Date: February 25, 1999
Creator: ESTEY, S.D.
Partner: UNT Libraries Government Documents Department

Steam-Water Critical Flow From High Pressure Systems. Interim Report

Description: In an earlier report, the problems associated with the prediction of the critical discharge rates of steam-water mixtures were discussed in detail. That report also gave the results of an experimental investigation of critical flows from long flow passages performed at low pressures. That investigation was later extended to consider short tubes, nozzles, and orifice flow configurations. The present work was undertaken to experimentally investigate the critical discharge phenomenon at higher pressures and to use the data gathered to critically evaluate the various proposed critical flow models. The purpose of this interim report is to describe in detail the apparatus assembled for this investigation and to report preliminary findings regarding the critical discharge rates from a 0.5-inch diameter flow passage.
Date: January 30, 1964
Creator: Zaloudek, F. R.
Partner: UNT Libraries Government Documents Department

Contribution to report ``Critical flow phenomena in two-phase mixtures and their relationships to reactor safety`` (for Geneva conference)

Description: Normally, in the flow of a flashing liquid through a pipe, it is assumed that the location of the choking phenomenon, if it exists, is at the exist of the pipe. Experiments have indicated that thee are circumstances under which choking can occur at the entrance instead. These experiments were performed to study the flashing of initially-compressed water through short lengths of pipe with length/diameter ratios of up to 20. Entrance configurations considered included sharp and rounded transitions and conical passages of 20- and 45-degree tapers. Upstream pressure ranged from 115 to 1,800 psia and in all instances, the upstream pressures were much greater than the saturation values. In most cases, choking of the flow was incurred when the liquid entering the pipe was required to depressurize to the saturation pressure (or below) when accelerating through the reduction at the entrance. Axial pressure surveys demonstrated that the pressure at the entrance of the pipe during choked conditions was the saturation pressure. It remained at the saturation value regardless of upstream pressure and the pressure distribution along the remainder of the pipe.
Date: January 23, 1964
Creator: Zaloudek, F. R.
Partner: UNT Libraries Government Documents Department

A Qualitative Investigation of Deposition Velocities of a Non-Newtonian Slurry in Complex Pipeline Geometries

Description: The External Flowsheet Review Team (EFRT) has identified the issues relating to the Waste Treatment and Immobilization Plant (WTP) pipe plugging. Per the review’s executive summary, “Piping that transports slurries will plug unless it is properly designed to minimize this risk. This design approach has not been followed consistently, which will lead to frequent shutdowns due to line plugging.” To evaluate the potential for plugging, testing was performed to determine critical velocities for the complex WTP piping layout. Critical velocity is defined as the point at which a moving bed of particles begins to form on the pipe bottom during slurry-transport operations. Pressure drops across the fittings of the test pipeline were measured with differential pressure transducers, from which the critical velocities were determined. A WTP prototype flush system was installed and tested upon the completion of the pressure-drop measurements. We also provide the data for the overflow relief system represented by a WTP complex piping geometry with a non-Newtonian slurry. A waste simulant composed of alumina (nominally 50 μm in diameter) suspended in a kaolin clay slurry was used for this testing. The target composition of the simulant was 10 vol% alumina in a suspending medium with a yield stress of 3 Pa. No publications or reports are available to confirm the critical velocities for the complex geometry evaluated in this testing; therefore, for this assessment, the results were compared to those reported by Poloski et al. (2008) for which testing was performed for a straight horizontal pipe. The results of the flush test are compared to the WTP design guide 24590-WTP-GPG-M-0058, Rev. 0 (Hall 2006) in an effort to confirm flushing-velocity requirements.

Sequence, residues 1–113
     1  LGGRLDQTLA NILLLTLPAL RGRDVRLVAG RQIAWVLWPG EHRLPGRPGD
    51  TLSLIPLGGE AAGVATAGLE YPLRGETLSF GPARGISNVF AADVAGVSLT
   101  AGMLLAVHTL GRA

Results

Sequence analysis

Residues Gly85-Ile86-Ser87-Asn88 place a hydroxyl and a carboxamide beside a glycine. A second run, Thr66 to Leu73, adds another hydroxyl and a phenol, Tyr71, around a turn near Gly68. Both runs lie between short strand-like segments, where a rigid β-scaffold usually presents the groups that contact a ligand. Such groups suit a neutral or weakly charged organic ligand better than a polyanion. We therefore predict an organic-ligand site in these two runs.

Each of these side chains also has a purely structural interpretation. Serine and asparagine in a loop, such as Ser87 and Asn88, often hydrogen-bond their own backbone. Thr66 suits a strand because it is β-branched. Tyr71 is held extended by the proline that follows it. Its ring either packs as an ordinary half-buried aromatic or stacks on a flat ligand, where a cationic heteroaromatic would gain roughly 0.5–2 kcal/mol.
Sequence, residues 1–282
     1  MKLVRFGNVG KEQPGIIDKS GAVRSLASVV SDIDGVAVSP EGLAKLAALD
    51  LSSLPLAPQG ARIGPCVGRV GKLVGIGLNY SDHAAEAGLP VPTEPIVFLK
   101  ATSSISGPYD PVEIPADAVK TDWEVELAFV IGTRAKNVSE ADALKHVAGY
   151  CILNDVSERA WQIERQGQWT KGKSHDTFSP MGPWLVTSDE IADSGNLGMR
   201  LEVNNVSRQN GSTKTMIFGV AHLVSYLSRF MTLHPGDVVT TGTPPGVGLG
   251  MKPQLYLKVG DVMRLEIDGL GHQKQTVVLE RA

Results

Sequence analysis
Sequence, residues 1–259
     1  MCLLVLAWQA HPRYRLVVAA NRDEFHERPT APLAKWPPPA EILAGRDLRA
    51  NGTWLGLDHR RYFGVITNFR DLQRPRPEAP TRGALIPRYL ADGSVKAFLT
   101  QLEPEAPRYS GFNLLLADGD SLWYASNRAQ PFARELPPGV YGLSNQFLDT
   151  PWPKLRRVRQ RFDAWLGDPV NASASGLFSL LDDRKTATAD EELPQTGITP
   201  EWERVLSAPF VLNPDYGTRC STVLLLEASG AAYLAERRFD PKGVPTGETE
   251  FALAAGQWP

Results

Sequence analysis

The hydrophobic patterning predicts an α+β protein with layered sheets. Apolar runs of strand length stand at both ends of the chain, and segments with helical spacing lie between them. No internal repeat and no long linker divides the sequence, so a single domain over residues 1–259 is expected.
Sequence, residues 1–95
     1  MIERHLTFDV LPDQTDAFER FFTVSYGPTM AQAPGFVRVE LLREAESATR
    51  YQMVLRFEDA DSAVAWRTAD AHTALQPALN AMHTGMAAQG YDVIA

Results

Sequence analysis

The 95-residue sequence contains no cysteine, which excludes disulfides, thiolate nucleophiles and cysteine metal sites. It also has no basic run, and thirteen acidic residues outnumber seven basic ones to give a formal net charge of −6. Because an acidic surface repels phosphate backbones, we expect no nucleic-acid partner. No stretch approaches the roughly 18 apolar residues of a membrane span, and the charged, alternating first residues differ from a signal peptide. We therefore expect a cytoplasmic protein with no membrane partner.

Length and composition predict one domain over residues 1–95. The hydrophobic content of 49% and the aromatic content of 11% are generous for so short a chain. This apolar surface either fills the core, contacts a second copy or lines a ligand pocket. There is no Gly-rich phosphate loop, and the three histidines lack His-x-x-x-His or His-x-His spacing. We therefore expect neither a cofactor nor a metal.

Date: May 11, 2009
Creator: Yokuda, Satoru T.; Poloski, Adam P.; Adkins, Harold E.; Casella, Andrew M.; Hohimer, Ryan E.; Karri, Naveen K. et al.
Partner: UNT Libraries Government Documents Department

Improvement and verification of fast reactor safety analysis techniques. Progress report, October 1, 1977--December 31, 1977

Description: The critical superficial vapor velocity was measured for an open vessel system with chemically produced internal heat. The measured value was within experimental error of the value predicted by the Kutateladze stability criterion. The greatest error induced was in the measurement of the energy generation rate. The effects of mixtures were taken into account. Further work suggestions are also presented.
Date: January 1, 1977
Creator: Barker, D.H. & Wheeler, P.A.
Partner: UNT Libraries Government Documents Department